"It smells like salt water, and frozen earth, and ice. Clean, and cold. You watch the sky darken to purple, until the horizon disappears. All you hear are the breakers and the water lapping around your ankles, the wind whistling in your ears, and the snow geese honking over the bay."

Quatre had fallen silent, and Heero left it that way for a moment, listening to the fire crackle as a log split. Duo opened his eyes after a moment and stopped swaying, staring rather distractedly at the fire.

Once the quiet had grown lighter, Heero shifted slightly and spoke. "You should be a poet."

Quatre and Duo both started at the sound of his voice. Duo grinned brightly at him, and Quatre chuckled lightly.

"I write lyrics, not poetry."

"Where is this place, the one you were describing?" Heero settled himself on his side, propping his head up with his elbow on the rolled-up t-shirt he'd used as a pillow.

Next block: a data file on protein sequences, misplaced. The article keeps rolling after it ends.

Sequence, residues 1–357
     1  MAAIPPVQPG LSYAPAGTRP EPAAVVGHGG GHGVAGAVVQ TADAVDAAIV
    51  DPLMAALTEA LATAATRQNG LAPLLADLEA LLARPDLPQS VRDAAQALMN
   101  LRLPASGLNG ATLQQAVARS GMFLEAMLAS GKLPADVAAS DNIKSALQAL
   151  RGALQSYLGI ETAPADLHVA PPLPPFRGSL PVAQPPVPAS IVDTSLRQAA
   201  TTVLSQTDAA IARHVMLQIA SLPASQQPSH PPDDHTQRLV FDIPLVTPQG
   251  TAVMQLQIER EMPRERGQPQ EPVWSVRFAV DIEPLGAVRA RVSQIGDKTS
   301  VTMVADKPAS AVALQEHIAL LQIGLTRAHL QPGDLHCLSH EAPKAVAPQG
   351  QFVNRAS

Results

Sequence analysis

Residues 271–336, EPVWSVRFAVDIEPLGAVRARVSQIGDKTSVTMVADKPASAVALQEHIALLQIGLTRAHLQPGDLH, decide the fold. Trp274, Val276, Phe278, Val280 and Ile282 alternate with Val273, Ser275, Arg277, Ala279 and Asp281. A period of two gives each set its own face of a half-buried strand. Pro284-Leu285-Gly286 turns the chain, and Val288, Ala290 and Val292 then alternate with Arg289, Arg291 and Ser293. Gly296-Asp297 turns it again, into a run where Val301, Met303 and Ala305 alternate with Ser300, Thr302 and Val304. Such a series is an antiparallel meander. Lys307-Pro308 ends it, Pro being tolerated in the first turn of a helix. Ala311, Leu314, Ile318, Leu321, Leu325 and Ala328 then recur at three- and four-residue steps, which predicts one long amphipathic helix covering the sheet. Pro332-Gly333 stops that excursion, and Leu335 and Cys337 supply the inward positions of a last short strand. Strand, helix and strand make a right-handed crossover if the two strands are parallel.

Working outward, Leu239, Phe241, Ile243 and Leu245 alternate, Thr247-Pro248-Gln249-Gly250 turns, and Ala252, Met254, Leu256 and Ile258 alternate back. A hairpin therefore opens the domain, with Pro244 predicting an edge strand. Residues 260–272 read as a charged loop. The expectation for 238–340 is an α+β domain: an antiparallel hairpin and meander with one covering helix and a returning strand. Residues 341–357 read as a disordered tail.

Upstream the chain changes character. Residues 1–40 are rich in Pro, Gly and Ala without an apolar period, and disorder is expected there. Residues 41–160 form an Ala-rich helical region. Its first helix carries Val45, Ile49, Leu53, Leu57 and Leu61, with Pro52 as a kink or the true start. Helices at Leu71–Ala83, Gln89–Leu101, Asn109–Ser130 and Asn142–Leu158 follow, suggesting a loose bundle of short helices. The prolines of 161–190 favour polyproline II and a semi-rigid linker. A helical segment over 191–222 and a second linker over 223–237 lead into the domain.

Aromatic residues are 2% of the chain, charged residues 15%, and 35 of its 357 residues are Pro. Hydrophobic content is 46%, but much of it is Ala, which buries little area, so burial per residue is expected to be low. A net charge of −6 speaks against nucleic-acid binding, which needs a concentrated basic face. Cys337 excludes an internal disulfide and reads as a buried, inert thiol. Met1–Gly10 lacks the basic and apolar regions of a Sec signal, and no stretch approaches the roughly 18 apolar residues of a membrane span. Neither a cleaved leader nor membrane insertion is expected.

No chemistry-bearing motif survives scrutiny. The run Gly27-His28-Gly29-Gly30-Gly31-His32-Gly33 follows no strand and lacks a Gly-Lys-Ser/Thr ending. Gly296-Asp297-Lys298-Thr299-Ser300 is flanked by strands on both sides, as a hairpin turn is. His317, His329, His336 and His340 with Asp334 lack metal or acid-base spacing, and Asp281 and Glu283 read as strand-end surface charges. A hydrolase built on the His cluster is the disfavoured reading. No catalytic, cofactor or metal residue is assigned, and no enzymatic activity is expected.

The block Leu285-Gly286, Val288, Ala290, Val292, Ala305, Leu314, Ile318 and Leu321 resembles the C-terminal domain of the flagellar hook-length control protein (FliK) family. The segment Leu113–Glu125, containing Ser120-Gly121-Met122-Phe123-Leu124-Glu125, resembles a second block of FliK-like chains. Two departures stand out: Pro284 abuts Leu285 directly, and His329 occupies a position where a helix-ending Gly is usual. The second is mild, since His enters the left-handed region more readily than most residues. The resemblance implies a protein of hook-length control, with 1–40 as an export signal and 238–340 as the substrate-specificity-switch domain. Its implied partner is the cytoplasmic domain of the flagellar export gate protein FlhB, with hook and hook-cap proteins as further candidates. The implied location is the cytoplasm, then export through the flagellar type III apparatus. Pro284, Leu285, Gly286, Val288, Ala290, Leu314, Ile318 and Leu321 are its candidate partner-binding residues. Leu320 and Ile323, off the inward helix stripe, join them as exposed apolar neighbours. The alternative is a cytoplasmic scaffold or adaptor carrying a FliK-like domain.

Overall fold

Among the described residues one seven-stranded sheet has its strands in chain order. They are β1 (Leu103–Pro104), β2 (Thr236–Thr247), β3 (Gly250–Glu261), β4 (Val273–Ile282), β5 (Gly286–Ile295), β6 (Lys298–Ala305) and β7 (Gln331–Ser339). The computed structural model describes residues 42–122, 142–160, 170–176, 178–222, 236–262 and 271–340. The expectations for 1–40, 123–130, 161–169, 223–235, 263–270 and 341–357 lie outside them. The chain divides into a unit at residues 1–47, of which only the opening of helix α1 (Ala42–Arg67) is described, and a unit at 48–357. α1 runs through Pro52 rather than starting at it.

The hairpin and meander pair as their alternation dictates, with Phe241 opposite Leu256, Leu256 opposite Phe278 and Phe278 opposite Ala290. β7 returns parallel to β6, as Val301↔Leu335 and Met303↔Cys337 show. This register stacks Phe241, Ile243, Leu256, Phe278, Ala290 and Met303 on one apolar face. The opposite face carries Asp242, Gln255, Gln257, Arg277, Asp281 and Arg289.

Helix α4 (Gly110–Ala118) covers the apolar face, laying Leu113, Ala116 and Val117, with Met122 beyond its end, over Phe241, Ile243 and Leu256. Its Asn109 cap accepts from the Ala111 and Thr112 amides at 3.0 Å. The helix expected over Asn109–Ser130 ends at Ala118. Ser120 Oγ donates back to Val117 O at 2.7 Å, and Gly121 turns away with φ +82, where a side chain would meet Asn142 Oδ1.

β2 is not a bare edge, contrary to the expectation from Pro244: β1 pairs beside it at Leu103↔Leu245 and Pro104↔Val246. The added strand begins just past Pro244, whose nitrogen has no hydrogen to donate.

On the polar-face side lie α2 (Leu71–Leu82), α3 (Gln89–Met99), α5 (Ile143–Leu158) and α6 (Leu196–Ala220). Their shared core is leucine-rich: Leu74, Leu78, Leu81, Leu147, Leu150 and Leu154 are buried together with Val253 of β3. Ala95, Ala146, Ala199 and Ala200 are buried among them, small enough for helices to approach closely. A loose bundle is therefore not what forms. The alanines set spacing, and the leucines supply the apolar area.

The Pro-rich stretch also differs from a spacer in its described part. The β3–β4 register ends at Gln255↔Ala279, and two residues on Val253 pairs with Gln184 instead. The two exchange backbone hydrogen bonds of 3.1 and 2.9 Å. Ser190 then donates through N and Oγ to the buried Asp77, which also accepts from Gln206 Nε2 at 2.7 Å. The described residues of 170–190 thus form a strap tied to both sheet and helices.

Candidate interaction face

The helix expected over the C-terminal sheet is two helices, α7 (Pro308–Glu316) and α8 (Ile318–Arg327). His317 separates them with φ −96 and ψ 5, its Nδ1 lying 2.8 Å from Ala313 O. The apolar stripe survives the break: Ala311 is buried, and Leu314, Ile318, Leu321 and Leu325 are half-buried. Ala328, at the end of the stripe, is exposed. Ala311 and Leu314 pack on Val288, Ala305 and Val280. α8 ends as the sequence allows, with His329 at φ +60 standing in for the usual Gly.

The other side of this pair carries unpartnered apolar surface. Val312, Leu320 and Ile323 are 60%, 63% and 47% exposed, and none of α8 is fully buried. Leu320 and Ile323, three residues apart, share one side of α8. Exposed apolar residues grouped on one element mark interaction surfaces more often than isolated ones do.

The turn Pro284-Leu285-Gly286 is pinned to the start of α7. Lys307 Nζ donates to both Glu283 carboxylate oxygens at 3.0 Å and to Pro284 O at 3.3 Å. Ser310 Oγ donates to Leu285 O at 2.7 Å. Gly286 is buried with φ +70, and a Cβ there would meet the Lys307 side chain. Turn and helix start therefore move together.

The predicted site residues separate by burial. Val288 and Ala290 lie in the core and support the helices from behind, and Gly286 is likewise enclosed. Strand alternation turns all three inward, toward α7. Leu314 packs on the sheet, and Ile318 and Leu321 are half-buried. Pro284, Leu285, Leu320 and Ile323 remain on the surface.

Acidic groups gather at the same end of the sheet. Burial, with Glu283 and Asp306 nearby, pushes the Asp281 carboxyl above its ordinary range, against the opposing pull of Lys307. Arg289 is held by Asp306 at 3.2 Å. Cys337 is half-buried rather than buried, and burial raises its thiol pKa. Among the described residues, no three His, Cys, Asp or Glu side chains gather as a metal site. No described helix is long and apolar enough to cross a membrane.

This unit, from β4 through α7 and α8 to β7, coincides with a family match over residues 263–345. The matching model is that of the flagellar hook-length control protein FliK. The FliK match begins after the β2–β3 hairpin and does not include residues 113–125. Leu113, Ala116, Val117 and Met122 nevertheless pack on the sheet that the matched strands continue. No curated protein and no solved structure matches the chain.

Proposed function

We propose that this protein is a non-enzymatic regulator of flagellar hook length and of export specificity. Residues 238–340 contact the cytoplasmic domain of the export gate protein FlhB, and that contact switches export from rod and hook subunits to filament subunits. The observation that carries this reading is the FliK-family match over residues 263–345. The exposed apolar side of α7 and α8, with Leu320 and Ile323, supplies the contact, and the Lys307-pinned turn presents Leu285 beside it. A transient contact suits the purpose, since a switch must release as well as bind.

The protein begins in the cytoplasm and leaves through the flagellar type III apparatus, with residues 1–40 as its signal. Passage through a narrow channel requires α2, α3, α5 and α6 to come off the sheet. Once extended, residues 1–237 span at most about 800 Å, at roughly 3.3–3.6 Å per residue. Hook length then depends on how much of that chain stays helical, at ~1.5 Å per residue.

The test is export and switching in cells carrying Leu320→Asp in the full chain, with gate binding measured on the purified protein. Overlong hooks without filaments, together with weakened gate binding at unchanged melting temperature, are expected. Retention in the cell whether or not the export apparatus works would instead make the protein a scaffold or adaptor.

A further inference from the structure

"Hudson Bay," the blond replied, a wistful smile across his face. "Along the coast in Nunavut."

"Never been there."

"Sounds cold," Duo piped up, effecting a mock shiver. "How about a little performance now, huh? Please?"

Quatre leaned back further and stretched. "I think you owe me, first. Tell me about this... how did you say it, Paha Sapa?"

Duo waved him away and pulled his mass of hair over one shoulder, combing through it with his fingers. "You'll see it for yourself, soon enough. Me, I wanna see that guitar."

For a moment, Quatre looked as though he would argue playfully, of course, by the way his eyebrows rose and his eyes brightened. Then, with a rueful sigh, he twisted sideways and began unlatching the guitar case propped against the log. Duo rebraided his hair quickly, winding the wrap back through the plait, his fingers flashing among the chestnut locks. He kept his eyes trained on Quatre, watching as the blond opened the case and lifted the instrument out.